I have a part-time outside job in addition to being a full-time professor. I'm struggling with performing an analysis that I believe a graduate student would be able to help me with. I suspect the student would be happy to do so, both because of having a nice demeanour and also they enjoy interesting problems and are also applying to PhD programs, so being able to state that they helped me with my research would be to their benefit. I'm not able to easily get my outside employer to hire them as a consultant. Would it be ethical for me to ask for their help with this problem? If I did, should I offer to pay them out of my own pocket (outside salary)? Should I insist on doing so? I'm thinking it would take a few hours. FWIW, I'm not their official advisor, although my colleagues and I share that role in practice.

FWIW, one of the two outside organizations involved in this project is a non-profit, for which some people volunteer the time. (I'm being paid by a for-profit company to do work with a non-profit organization they support.)


After posting the question but before getting any replies, I emailed the student, asking them if they wanted to help, including a link to this question and cc'ing the director of the graduate program and the Provost, as a check on myself.

I just figured out the technical problem I was struggling with, so I no longer need help, and this question is moot. I'll leave this question up, in case it's useful to future readers.


Before anything else, you need to be certain about the legal ground on which you stand:

  1. Is the external work that you are doing bound by any sort of non-disclosure agreement or other agreement to which your interactions with the student would be subject?
  2. Do the university's terms of employment for the student state anything that whether a student can work externally and under what conditions?

If it's clear from both sides, then if the student will be doing a non-trivial amount of consulting work, they should get paid just like you are getting paid. Almost certainly, they should get paid by the company you are paid by, and not by you (unless you are doing your own work as an LLC or some such entity). A good litmus test is: would I be doing this work for free? Clearly, you aren't.

If it were five minutes of work, that might be different. But if it's complex enough that you are struggling with it, it's likely to take hours, maybe many hours, and could impact your students progress in classes or other research projects. In that case, pay is clearly deserved.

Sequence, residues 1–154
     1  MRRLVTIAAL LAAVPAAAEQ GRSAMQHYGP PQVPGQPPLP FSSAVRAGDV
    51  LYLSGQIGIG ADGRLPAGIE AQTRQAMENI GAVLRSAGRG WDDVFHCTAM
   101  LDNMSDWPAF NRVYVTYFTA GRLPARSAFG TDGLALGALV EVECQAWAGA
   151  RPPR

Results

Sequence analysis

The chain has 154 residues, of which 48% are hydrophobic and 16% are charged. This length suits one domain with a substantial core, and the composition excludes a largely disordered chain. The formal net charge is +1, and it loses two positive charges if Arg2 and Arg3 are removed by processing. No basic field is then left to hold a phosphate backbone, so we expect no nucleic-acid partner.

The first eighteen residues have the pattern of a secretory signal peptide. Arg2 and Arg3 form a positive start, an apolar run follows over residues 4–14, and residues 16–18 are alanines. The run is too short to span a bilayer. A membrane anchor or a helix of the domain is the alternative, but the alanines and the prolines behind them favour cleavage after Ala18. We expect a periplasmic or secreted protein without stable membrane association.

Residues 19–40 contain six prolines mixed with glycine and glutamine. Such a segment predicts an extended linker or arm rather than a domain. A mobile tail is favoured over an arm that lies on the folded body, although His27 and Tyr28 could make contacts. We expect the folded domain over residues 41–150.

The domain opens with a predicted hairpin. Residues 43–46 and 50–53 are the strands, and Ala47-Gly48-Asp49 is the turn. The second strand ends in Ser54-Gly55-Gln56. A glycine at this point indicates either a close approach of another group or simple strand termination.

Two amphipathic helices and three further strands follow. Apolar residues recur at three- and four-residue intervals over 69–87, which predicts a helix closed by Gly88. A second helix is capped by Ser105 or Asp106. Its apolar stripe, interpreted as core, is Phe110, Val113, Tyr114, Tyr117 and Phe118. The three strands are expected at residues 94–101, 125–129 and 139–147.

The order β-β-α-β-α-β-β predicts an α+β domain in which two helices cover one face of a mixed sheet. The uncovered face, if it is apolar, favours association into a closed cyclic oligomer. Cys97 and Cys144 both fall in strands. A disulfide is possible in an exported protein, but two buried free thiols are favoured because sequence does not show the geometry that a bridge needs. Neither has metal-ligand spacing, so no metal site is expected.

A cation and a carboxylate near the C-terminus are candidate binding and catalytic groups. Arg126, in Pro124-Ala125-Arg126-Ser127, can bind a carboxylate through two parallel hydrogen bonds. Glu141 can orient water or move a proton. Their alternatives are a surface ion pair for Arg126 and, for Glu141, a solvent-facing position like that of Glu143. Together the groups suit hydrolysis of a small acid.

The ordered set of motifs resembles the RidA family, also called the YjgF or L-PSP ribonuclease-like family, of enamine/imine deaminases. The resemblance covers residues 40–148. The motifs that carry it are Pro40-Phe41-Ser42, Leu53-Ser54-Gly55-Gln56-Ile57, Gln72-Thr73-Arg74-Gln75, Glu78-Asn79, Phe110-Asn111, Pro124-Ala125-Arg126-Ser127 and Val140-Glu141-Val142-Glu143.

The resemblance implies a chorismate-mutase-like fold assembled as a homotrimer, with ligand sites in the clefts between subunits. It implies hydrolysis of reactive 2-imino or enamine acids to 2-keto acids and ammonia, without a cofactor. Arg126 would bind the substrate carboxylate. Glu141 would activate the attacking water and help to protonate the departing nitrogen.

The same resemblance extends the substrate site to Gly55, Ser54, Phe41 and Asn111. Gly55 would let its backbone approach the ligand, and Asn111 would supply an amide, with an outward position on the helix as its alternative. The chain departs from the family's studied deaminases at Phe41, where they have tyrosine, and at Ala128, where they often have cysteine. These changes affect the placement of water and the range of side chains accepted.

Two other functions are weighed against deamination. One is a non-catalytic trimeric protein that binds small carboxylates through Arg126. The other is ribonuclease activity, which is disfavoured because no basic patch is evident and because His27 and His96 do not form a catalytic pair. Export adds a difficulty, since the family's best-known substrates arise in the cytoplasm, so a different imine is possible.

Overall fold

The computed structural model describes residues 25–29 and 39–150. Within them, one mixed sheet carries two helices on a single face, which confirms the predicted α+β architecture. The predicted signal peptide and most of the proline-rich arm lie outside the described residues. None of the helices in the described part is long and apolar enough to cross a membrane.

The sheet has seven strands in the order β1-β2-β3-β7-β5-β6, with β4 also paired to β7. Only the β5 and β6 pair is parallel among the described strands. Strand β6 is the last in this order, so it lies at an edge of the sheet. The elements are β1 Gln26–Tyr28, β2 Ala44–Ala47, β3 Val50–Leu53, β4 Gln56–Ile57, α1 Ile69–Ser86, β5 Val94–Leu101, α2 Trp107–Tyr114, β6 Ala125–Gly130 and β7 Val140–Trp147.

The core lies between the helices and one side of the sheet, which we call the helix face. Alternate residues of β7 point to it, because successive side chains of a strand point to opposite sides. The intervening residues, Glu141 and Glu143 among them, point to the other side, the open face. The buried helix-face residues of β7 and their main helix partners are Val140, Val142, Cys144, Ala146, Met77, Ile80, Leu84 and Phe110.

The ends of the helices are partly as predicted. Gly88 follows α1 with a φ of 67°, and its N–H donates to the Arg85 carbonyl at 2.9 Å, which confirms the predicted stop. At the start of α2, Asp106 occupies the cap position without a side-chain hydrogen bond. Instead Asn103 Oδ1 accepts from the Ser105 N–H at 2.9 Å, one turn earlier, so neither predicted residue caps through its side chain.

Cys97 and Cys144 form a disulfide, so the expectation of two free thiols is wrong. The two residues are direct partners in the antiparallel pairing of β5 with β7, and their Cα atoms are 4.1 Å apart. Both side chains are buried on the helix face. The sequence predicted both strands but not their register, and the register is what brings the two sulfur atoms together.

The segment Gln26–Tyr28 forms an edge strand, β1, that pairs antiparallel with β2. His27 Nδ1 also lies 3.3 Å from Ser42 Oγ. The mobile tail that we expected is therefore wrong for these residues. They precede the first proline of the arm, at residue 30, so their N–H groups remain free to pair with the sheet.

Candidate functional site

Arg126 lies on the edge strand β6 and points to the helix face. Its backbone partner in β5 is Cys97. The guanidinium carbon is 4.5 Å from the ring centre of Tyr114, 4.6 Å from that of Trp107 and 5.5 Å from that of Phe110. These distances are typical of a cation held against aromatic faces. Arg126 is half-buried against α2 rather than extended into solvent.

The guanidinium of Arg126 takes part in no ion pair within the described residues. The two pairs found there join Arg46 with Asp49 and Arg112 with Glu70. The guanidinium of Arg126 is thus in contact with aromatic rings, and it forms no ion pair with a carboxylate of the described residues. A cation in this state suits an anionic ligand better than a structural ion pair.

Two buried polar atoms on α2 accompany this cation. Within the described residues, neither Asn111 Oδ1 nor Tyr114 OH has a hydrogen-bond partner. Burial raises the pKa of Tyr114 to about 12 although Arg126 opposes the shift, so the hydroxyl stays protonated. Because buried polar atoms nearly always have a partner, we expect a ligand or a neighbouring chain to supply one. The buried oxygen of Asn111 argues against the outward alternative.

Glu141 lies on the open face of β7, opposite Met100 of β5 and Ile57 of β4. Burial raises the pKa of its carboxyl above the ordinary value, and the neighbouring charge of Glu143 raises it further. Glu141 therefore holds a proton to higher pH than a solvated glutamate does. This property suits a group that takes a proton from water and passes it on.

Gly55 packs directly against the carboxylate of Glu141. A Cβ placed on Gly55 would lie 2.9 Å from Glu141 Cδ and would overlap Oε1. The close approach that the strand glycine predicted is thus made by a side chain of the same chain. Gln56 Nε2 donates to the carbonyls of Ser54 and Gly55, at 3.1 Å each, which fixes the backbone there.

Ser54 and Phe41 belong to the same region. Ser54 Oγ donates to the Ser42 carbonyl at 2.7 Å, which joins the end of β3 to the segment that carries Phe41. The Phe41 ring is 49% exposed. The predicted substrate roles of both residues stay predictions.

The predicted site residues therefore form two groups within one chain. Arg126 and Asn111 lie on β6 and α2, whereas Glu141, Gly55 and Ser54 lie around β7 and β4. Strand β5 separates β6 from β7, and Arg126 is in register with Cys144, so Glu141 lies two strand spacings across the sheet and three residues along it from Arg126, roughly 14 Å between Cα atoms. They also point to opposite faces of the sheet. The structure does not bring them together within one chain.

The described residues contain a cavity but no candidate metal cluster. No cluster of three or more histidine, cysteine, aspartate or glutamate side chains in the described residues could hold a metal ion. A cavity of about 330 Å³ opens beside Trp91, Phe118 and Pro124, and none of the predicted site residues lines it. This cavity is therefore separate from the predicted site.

• +1 for mentioning the legal aspect of the "offer" as well. – Alexandros Oct 18 '14 at 12:53

I may sound a little strict about this, but when a guy does partly the job you are paid to do, he should get paid for it. Period. It does not matter if he is a graduate student or he thinks he must owe you a favour in exchange for a future reference letter. Slavery has been abolished (at least in civilized countries). You must pay him for his effort's worth. Where this money comes from (your pocket or your outside employer) is for you to decide.

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    Thank you. I think it does matter that he is a graduate student. People on StackOverflow often help people with their paid work without charge, and programmers work on open source projects without pay. What seems significant to me is that there could be the perception of my misusing my power as a professor. – Ellen Spertus Oct 17 '14 at 18:43
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    @espertus People work for free on open source projects but no one else there is getting paid. So, open source projects is really a bad analogy, when you are actually being paid to perform this task. – Alexandros Oct 17 '14 at 18:46
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    If the student is willing to do it for free, then sure. However, you are, at least ethically, obligated to inform him that he can be paid for his work, seeing as it's not related to his studies, nor the university. – Compass Oct 17 '14 at 18:53
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    @Compass. I know 100% you mean good, but how is that different than the professor suggesting his graduate student to clean up his house or take his dog out? And saying something like "You should probably get paid for it but if you want to do it for free that is fine with me too" along with "Do not worry. You will still get a brilliant reference letter from me" – Alexandros Oct 17 '14 at 18:58
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    @espertus: There is a huge difference between your situation and that of SO. SO is a community: questions are not addressed to a specific person and there is no time constraint. A question is asked and people from the community answer when they're willing to do so, when they have the time, mood, etc. If noone answers, there's no responsibility from the community. In your case, you're asking for a specific task directly to a specific person, and this task should be probably accomplished within a certain amount of time. And the person will probably have to take responsibility for the result. – Massimo Ortolano Oct 18 '14 at 12:00

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